One of the most significant feature films in recent years was released to a broad audience on Jan. 9 in the United States. The handling of the Paramount picture has generated controversy due to the apparent racism prevalent in the awards committees that determine which production gains the coveted prices.
Selma, directed by Ava DuVernay and co-produced by Oprah Winfrey, only received nominations in two categories, best picture and soundtrack, for the upcoming Oscars or Academy Awards. The film tells the story of the Civil Rights Movement in Selma during early 1965, when the Southern Christian Leadership Conference (SCLC) and the Student Nonviolent Coordinating Committee (SNCC) created a crisis in Dallas County and the state capitol in Montgomery prompting the administration of President Lyndon Baines Johnson to introduce federal voting rights legislation.
Golden Globe awards rejected the film in all categories except the soundtrack by John Legend and Common.
The Selma marches represented a turning point in African American and broader U.S. social history. The film embodies contemporary relevance in light of the resurgent anti-racist movement sparked by the deaths at the hands of the police of Michael Brown, Eric Garner and Tamir Rice among others.
In a Washington Post blog on Jan. 15, writer Amy Argensinger said “You can’t say a movie that got nominated for Best Picture has been truly ‘snubbed.’ But there was a time, just a few weeks ago, when the smart money was on ‘Selma’ to run the table at the Oscars. Now that it is being unexpectedly shut out of major categories, getting a paltry two nominations, that’s obviously not going to happen.”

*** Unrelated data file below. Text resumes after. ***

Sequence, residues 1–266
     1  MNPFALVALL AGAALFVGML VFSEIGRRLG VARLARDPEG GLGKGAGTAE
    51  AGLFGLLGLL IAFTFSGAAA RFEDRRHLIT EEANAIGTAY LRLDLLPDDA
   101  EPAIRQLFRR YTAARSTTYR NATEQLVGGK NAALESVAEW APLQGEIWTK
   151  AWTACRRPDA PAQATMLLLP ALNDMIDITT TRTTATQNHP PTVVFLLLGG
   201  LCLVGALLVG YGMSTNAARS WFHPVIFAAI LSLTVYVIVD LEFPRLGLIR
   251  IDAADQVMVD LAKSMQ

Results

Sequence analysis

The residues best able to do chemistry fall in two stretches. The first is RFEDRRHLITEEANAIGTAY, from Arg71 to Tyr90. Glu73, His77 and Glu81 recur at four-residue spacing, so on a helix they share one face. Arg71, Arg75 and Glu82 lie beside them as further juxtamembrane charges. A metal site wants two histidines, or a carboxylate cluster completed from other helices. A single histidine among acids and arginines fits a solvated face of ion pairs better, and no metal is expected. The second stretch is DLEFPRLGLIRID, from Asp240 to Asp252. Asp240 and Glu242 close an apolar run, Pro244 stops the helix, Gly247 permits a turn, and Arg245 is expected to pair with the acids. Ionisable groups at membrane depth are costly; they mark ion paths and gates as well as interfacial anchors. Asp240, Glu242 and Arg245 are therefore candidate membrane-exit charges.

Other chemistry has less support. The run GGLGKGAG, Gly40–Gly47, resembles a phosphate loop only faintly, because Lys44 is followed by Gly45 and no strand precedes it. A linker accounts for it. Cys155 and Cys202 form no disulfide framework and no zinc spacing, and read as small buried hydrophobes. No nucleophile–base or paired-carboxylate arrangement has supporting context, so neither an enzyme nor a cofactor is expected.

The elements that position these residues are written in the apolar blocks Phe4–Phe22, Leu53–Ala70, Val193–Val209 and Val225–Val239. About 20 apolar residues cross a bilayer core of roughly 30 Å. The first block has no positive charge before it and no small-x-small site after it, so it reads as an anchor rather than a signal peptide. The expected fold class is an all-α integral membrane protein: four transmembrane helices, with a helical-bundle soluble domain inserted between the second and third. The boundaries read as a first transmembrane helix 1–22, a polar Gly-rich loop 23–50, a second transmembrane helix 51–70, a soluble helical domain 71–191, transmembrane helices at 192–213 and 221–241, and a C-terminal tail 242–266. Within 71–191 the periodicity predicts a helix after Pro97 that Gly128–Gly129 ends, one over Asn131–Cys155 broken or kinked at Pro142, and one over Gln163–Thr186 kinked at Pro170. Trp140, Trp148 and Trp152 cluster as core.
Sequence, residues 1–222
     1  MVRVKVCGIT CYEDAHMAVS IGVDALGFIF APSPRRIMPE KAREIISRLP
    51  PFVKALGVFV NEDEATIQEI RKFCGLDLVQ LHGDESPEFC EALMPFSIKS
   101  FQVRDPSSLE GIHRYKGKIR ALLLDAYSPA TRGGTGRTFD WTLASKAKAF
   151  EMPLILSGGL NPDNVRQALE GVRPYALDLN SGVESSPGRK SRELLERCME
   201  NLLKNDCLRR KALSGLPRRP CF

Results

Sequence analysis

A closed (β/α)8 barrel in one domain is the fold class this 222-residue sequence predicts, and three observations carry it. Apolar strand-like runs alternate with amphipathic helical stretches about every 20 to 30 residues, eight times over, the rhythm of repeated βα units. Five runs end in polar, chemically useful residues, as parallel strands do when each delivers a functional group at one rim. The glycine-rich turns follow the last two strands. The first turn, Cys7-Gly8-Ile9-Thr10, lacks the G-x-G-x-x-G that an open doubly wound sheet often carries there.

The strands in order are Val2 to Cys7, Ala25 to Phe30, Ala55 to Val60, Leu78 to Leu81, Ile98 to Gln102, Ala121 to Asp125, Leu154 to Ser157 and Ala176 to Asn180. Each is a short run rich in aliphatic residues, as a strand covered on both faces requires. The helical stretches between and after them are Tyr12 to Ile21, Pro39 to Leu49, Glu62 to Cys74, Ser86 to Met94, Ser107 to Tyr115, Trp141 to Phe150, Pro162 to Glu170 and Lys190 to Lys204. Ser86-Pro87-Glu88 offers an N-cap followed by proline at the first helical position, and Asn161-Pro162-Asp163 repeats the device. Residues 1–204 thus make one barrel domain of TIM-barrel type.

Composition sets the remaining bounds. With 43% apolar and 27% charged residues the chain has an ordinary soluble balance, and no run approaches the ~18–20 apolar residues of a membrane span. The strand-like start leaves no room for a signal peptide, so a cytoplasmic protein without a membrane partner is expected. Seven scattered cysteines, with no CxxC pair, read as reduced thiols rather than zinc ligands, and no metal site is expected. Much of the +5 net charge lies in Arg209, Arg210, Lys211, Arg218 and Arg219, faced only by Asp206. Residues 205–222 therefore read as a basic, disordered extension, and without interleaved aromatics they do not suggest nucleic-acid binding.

These sentiments were articulated in numerous ways over mainstream, alternative and social media sources. The response of the film’s audience prompted many to analyze the social composition and political outlook of the Academy Awards selection committee.
An opinion piece in the Jerusalem Post asked “Are the Oscars a Glorified White Boy’s Club?”
This article noted that “The Academy Awards’ glaring omission of Selma, the lack of any person of color in the four acting categories, and the directing and writing categories which have men gracing those lists, only reinforces the idea that the Academy Awards are an out-of-touch white boys’ club. For context, the last time this happened was in 1998, making this year the “whitest” Academy Awards in over 15 years. Naturally, the outpouring of criticism was inevitable.” (Jan. 18)
This same Jerusalem Post opinion essay says directly that “Many critics point to a generally white, monolithic Academy voting body as part of the problem. ’Why do we elect people who drift toward not the most talented, best and brightest we have in the country?’ Director George Lucas mused on CBS This Morning. ‘It’s a political campaign. It has nothing to do with artistic endeavor at all.’”
Compelled by the broad criticism and condemnation, the Academy president, who spoke for the white majority, although she is from an oppressed nation in the U.S., attempted to smooth over the glaring omissions in the 2015 category nominations. Her statement sounded hollow and defensive, as if it was totally divorced from the reality of the industry and society at large.
On Jan. 16, Academy president Cheryl Boone Isaacs attempted to defend the indefensible in an Associated Press interview saying
“In the last two years, we’ve made greater strides than we ever have in the past toward becoming a more diverse and inclusive organization through admitting new members and more inclusive classes of members,’ said Isaacs – herself an African American woman. ‘Personally, I would love to see and look forward to see a greater cultural diversity among all our nominees in all of our categories.’”
Such proclamations will only fuel further anger towards the status-quo whether it uses black faces or not. It is quite obvious that the real decisions were being made by others who were not speaking in the midst of the firestorm.